On the night of the 20th and 21st of December, 1963 the newly independent Republic of Cyprus erupted into a frenzy of violence between the Orthodox Greek Cypriots, Armenian Christian Cypriots and Turkish Muslim Cypriots. The events became known as Bloody Christmas (Turkish; Kanli Noel).
The violence was sparked by increasing tensions from Greek Cypriot demands for Enosis; union with Greece. The gradual build-up of tensions erupted when Greek Cypriot police tried to search the persons of Turkish Cypriot women in a taxi.
By the end of the violence Turkish participation in the Cypriot parliament ended. Deaths included 364 Turkish and 174 Greek Cypriots. Isolated properties became too dangerous for their inhabitants and the rural populations became displaced into enclaves.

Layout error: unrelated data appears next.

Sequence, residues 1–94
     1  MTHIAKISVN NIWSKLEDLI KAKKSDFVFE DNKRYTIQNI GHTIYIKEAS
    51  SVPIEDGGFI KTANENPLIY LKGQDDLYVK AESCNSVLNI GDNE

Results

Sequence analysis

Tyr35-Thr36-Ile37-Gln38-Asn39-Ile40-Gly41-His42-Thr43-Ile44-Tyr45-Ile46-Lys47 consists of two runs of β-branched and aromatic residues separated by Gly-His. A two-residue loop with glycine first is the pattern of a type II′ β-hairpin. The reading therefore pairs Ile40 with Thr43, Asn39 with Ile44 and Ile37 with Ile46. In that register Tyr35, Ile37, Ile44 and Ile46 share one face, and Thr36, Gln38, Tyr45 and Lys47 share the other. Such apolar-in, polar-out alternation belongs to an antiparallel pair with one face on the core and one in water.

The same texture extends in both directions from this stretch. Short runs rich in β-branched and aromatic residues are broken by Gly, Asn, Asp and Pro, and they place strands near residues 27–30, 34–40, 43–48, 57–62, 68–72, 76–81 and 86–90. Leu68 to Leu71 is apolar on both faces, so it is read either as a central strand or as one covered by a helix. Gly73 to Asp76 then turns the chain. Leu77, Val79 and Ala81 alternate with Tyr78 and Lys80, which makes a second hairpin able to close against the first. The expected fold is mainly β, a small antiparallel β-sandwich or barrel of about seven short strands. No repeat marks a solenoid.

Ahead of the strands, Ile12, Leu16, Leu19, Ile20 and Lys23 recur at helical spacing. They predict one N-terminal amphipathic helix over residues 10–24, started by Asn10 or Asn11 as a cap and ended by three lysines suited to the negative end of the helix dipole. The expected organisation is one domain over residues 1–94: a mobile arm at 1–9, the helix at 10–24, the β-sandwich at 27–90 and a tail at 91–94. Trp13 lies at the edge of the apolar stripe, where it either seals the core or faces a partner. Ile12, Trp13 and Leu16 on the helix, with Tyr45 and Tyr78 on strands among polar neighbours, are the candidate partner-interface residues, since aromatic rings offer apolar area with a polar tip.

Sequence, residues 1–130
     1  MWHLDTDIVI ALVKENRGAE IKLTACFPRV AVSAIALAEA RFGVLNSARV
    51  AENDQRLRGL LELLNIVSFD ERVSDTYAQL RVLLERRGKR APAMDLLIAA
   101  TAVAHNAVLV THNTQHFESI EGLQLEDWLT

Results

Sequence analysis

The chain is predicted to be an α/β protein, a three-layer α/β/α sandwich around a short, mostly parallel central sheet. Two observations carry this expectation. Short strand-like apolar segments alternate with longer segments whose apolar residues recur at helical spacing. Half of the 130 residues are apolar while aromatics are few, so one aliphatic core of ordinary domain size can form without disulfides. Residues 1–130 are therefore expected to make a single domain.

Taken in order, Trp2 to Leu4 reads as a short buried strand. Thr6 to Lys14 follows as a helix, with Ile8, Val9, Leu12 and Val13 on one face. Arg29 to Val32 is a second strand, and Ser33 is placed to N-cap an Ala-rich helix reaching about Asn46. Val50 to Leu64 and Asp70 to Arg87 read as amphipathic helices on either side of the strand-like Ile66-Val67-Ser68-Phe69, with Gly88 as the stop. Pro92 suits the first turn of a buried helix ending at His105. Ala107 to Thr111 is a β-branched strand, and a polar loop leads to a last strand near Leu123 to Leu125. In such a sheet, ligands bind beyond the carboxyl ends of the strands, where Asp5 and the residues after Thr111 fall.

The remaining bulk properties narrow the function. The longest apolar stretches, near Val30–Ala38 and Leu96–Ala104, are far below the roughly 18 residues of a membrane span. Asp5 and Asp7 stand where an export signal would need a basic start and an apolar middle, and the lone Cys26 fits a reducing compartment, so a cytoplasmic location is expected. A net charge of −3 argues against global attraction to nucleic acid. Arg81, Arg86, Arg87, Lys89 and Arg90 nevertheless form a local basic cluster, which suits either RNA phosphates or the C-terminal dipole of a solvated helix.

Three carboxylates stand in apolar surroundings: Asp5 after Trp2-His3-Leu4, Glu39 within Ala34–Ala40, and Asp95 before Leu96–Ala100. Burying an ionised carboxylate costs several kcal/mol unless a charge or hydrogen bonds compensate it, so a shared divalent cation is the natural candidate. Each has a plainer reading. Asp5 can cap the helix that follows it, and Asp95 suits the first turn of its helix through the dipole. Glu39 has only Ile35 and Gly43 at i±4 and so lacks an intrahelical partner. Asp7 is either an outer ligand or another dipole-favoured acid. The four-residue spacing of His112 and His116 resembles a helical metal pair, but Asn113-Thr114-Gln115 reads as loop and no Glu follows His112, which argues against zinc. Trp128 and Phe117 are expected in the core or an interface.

The ultimate outcome of the divisions between the communities resulted a decade later in the Turkish invasion of 1974, dividing the Island north and south to the present day. The “green line” keeps the two parts of the island divided and in the middle of the green line, and in the middle of the capital city the airport of Nicosia is a permanent reminder of the invasion. The aircraft grounded on that day by the Turkish invasion remain rotting on the tarmac. The Departures and Arrivals building crumbles away with disuse.
EU Membership is hoped to encourage the Turkish North to reunify the island but the most recent talks stalled over rights of return and property ownership. Over the years access through the green line has improved and more crossing points have opened. But it may take another generation before a stettlement can be agreed.